How this affects your bottom line

For those of us involved in the horticulture industry, especially the interiorscape sector, a soil mix provides the foundation upon which your installed specimen will, ideally, manage to enter a state of homeostasis within that particular, ever changing, interior environment. We hope they will all survive forever, sadly we know that just won’t happen. A plant in an interior environment is on a one way trajectory. Our goal is to keep it healthy enough to ensure it can provide a net benefit to the client and facilitate our business earning a profit.  With that in mind, we all too often make the easy and convenient choice of a peat based mix. Peat is a poor choice as a primary component of an interior soil mix. Not only is it destructive of the natural environment and therefore a very poor demonstration of a firms commitment to considerations related to Biophilia, but it is doomed to succumb to deterioration well before our investment returns our reward. As it deteriorates, it clogs up soil pore space, affecting moisture levels and drainage, leads to salt precipitation and crusting, reductions in soil oxygen levels, a very poor environment for beneficial soil biota, a good environment for deleterious biota, foliar diseases and much more. Each of these problems leads to increased servicing or variable costs, this in turns gnaws away at your margin.

If one must adhere to the status quo and use a peat based mix, the single most important amendment to utilize is biochar. Remember, this amendment enhances soil primary productivity. Significant research has clearly illustrated that it is the soil biota that is responsible for most of the VOC removal in interior environments where plants have been utilized as a component of mitigating indoor air quality (IAQ). This feature is one of our primary selling points. Biochar will reduce your pest and disease management costs and thereby not contribute negatively to IAQ, reduce your fertilizer inputs, enhance moisture holding capacity, possibly extend the installation period and thereby reduce turnover waste, reduce the industries foot print on the natural environment, enhance your reputation as a comprehensive practitioner of biophilia and it will do all of this while adding to your bottom line.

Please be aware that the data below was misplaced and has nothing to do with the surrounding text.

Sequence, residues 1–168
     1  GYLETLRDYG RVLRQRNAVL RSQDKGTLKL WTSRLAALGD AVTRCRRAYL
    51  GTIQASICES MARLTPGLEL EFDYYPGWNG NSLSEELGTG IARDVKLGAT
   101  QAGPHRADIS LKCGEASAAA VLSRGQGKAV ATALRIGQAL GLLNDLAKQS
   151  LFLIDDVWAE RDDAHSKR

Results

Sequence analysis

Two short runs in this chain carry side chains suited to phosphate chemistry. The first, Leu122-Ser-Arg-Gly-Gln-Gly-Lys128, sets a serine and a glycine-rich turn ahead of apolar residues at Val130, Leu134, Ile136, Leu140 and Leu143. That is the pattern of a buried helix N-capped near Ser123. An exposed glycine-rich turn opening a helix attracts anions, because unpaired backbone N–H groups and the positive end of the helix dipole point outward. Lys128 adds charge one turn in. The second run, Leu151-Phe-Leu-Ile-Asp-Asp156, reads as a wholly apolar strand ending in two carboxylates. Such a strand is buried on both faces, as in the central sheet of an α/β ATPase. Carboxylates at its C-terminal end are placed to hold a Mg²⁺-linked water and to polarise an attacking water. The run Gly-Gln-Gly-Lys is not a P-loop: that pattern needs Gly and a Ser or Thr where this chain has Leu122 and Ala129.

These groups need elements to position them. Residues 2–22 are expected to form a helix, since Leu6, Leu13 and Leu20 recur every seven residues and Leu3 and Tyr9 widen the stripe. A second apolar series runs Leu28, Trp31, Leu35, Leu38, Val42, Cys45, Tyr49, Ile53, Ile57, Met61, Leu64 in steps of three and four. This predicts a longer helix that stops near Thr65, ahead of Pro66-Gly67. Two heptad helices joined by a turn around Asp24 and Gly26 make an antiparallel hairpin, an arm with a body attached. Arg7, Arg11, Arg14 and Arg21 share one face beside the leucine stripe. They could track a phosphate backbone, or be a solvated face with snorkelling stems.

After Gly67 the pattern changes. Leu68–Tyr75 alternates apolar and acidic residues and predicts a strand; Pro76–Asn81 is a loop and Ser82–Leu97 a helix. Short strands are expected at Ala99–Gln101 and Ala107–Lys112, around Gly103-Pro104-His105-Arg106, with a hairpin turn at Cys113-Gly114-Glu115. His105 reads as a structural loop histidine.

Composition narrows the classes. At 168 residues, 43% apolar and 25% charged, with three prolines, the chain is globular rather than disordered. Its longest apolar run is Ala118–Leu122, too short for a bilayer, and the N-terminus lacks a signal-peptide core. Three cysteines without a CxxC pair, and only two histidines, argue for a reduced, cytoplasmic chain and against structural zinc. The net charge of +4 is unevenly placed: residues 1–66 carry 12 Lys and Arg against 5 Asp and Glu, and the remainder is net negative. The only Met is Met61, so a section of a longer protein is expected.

And they say money doesn’t grow on trees!


Featured image courtesy of Engineering for Change

Chris is a plant biologist and forester who has dedicated over two decades to plant ecology research in addition to acquiring almost 20 years of experience in the garden center and florist sector. He graduated from Trent University with an Honours degree in plant biology and from Sir Sandford Flemming College with a diploma in Forestry. As an ecologist, Chris has been involved in many projects, large and small, from government directed natural resource management audits and climate change research with carbon sequestration in permafrost peatlands to natural vegetation restoration following disturbance. As an garden center and florist business owner in the Lower Mainland of British Columbia, he has born witness to the tremendous change that has occurred in the horticulture industry over the past twenty years.